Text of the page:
Rebecca Halls' Instrument of War was published by Elsewhen Press in a digital edition in June 2017 and a paperback edition was published in September 2017.
Information about Rebecca Hall:
Rebecca started writing when she was supposed to be studying for her exams at Otago University but somehow passed anyway, eventually graduating with a decorative piece of paper. She moved to the UK to pursue a career in publishing and after a couple of mishaps ended up in Edinburgh and sold Instrument of Peace to Elsewhen Press, which is not quite the career she had in mind. The career she did have in mind was along more editorial lines which is why she is now a volunteer at Inspired Quill and a freelance copy-editor for everyone else. She also has a blog which she infrequently remembers to update, where those mysterious things known as short stories can be found.
Even after three years, she is baffled by the fact that the British use miles, pints and 1p coins but things like pineapple lumps, black forest chocolate and L&P have not caught on. Rebecca would like to make it very clear that she is a Kiwi and absolutely NOT an Australian (or South African) and she will do almost anything for chocolate.
Click here to visit her official website.
Information about Instrument of War:
The second book in the Symphony of the Cursed series
The Angels are coming!
Mitch would like to forget that the last year ever happened, but that doesn’t seem likely with Little Red Riding Hood now teaching Teratology. The vampire isn’t quite as terrifying as he first thought, but she’s not the only monster at the Academy. The Fallen are spying on everyone, the new Principal is an angel and there’s an enchanting new exchange student with Faerie blood.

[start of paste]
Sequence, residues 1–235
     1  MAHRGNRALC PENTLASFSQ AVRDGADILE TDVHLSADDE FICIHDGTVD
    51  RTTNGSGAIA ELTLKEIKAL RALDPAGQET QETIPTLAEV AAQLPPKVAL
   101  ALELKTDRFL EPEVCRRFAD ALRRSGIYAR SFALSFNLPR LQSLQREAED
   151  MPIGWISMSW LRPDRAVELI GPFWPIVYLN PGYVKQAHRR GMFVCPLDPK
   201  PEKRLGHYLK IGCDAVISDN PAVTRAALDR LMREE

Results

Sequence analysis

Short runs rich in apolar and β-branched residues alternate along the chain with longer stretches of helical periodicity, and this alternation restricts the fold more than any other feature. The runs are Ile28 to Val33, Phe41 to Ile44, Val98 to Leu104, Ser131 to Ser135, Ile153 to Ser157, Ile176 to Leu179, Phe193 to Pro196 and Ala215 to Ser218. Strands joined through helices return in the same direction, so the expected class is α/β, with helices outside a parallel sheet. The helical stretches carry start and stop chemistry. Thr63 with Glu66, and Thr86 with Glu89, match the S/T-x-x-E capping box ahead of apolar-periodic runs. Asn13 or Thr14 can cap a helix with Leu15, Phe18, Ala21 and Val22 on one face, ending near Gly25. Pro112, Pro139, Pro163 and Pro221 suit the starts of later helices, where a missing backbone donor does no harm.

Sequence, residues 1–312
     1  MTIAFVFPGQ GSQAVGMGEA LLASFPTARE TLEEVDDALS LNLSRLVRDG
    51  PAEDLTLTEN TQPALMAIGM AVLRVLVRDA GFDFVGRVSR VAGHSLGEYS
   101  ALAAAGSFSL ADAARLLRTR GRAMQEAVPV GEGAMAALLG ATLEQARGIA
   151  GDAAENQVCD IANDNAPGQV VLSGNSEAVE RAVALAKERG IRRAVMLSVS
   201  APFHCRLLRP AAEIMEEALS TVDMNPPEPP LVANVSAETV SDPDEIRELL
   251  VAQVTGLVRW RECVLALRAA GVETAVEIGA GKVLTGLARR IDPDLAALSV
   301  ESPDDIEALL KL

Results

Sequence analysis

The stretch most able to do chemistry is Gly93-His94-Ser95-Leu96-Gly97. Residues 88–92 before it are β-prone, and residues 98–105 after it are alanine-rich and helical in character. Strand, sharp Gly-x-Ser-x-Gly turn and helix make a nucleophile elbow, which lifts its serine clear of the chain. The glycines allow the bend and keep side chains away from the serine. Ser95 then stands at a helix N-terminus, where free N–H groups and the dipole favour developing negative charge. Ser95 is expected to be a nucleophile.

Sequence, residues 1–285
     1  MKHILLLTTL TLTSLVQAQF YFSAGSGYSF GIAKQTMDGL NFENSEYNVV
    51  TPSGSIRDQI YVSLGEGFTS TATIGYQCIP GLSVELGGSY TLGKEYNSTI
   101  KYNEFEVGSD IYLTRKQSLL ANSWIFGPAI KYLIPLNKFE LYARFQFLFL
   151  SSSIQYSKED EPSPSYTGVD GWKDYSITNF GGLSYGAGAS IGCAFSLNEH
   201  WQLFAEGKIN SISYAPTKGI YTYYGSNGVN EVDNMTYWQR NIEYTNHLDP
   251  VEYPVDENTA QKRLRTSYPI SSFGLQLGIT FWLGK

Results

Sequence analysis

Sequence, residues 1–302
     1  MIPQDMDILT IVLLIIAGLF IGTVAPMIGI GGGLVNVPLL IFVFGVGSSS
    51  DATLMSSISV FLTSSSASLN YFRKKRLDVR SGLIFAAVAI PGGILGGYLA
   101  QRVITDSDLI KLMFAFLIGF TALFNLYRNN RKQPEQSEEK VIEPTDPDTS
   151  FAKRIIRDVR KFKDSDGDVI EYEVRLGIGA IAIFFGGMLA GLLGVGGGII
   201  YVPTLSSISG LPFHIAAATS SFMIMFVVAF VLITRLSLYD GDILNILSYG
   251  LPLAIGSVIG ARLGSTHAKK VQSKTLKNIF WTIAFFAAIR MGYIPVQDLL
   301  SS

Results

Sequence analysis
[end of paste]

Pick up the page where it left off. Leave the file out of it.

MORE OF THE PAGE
Angry and nervous of the angels surrounding him, Mitch tries to put the pieces together. He knows that Hayley is the Archangel Gabriel. He knows that she can determine the course of the Eternity War. He also knows that the Fallen will do anything to hide Gabriel from the Host – even allowing an innocent girl to be kidnapped.
Instrument of War continues from Instrument of Peace, the first book in the Symphony of the Cursed series, as Mitch, Hayley and Nikola return for their final year in the International Academy of Magic at Lake Moawhango in New Zealand.
A REVIEW OF REBECCA HALL'S INSTRUMENT OF WAR
Rebecca Hall's debut novel, Instrument of Peace, was a pleasant surprise for me, because it took the well-known magic school setting and turned it into something new and fascinating. Because I liked it, I was excited about Instrument of War and wanted to read it. I'm glad to say that it's just as good and fast-paced as the previous novel. It's an entertaining reading experience for those who love exciting and fast-paced YA fantasy fiction.
Instrument of War is a well written sequel for Instrument of Peace (it's an excellent continuation of the Symphony of the Cursed trilogy). Readers who are familiar with the previous novel will feel immediately at home with the story and will be delighted to immerse themselves in it, because the author delivers a good story.
As many readers may have noticed, YA fantasy has become increasingly popular during the recent years and many novels are being written and published each year. I consider Rebecca Hall's Instrument of Peace and Instrument of War to be excellent additions to the YA fantasy fiction genre, because the author uses classic elements in a fresh and modern way.